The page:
A few link exchanges have brought in a wee bit of new traffic, but nothing significant. The Boomer Marketplace is still under construction (no link because its creator has not unveiled it yet), and only a few of my products fit there anyway. Daily traffic has historically hovered between 60 and 100 visits; lately that range has risen to 80-120. With a 2% conversion rate, I should be averaging two sales per day. People just aren’t buying like they should. Conclusion: Referrals are great, because referrals are free. I could do more in this area. But link swapping is never going to amount to very much. The visitors that those links deliver are less motivated than ad-driven customers.

Every time I look at SEO, I get depressed by chronic low rankings that defy my clumsy efforts at improvement. Even where I have a hazy grasp of principles, I can’t put them into practice because I don’t know how to change my PHP templates. It’s the same old programmer dependency of which I’ve also written 100 times. Most SEO experts are strictly HTML people. I did put out a feeler to a new developer this week, but it went nowhere. Conclusion: I can’t spend on SEO until I have the technical ability to implement recommended revisions.

PPC ads keep getting more and more expensive while delivering roughly the same results. Writing new ads, adding and subtracting keywords, and adjusting bids sometimes brings measurable results…but OMG, what a tedious process, and the gains are short-lived as competitors quickly adjust their bids and improve their ads, too. The only winner in this game, of course, is Google.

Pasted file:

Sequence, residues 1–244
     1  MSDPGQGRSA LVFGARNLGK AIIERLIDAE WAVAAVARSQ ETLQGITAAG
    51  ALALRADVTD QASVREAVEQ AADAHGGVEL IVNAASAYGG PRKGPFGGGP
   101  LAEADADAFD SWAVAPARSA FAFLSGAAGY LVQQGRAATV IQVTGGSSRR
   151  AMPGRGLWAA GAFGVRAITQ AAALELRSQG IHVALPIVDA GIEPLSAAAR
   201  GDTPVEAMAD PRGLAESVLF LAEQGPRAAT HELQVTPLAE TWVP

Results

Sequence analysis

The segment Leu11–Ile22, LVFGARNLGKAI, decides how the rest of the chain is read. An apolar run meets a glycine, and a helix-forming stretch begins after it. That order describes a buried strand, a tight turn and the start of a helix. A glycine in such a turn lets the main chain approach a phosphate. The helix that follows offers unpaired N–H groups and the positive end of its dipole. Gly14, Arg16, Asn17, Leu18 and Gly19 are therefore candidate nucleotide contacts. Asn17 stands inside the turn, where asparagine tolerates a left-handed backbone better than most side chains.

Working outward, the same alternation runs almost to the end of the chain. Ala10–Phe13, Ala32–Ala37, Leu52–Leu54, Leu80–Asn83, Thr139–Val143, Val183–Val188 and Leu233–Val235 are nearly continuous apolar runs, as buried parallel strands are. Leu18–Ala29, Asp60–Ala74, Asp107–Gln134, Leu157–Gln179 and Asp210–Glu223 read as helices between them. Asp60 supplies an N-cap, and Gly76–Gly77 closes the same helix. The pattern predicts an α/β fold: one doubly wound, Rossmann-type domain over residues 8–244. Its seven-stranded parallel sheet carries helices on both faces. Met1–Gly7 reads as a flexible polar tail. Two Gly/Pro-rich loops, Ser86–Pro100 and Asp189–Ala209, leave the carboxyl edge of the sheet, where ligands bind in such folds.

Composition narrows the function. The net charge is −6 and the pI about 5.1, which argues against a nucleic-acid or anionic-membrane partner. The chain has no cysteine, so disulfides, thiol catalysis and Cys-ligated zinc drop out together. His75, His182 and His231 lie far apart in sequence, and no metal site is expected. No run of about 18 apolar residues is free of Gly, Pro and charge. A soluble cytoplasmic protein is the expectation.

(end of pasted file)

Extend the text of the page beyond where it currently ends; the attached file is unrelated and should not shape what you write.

Yahoo finally rolled out the new pricing scheme that retailers have long been dreading. I fared pretty well at first; only four minor keywords were knocked out of competition. That rose to 22 keywords a few days later, as competitors adjusted. I got out the ax. Yahoo Search Marketing never delivered very good results, and it’s gotten worse with each revamp. My ads and word groups need to be more granular. If Yahoo’s objective is to drive out small companies and rape the big spenders for all they’re worth, they are on the right track – I deleted at least 25% of my campaign, and I’m sure that more of my remaining 350 keywords will fall away. I don’t know if Yahoo will win at this game; I do know that small retailers are the losers. Conclusion: There’s always room to improve PPC, but it’s getting too expensive to justify putting more resources here.

That leaves buying display ads. I have zero experience with that, no plans, and even less enthusiasm. I’m skeptical that a clumsy, amateurish print ad would drive enough business to do more than just pay for itself. I suppose I ought to explore it. Focus, Juice.

Finally (#3 in my main list), there’s increasing conversions:

My conversion rate ranges day-to-day from 0 to 5.75%, and averages around 2%, which isn’t bad. Website improvements are the best way to increase that. I added PayPal Express and Google Checkout, and got the new shipping estimator working. There isn’t much else I can do without design changes or new features (see “programmer dependency”).

Screw it. I can’t focus. I think I’ll line up another contractor or two to bid on my back porch.

Coming Topics:

  • Social Networking Sites
  • Rearranging the Deck Chairs
  • Running with the Big Dogs
  • Kicking It Out
  • Legal Extortion
  • Where Traffic Comes From

1 comment:

  1. Bummer on the new jewelry (though don't take this response as an indication that I'm likely to purchase any in the future). As with nearly everything in life, having any reason for optimism can be a driving force for success.

    The PPC paradigm seems one in which you've got a lot of eggs. I understand that you're struggling with other advertising options, but it seems that Juice's focus should be in figuring out what else brings in the people. From what I'm reading, if PPC dies, so does CC. :(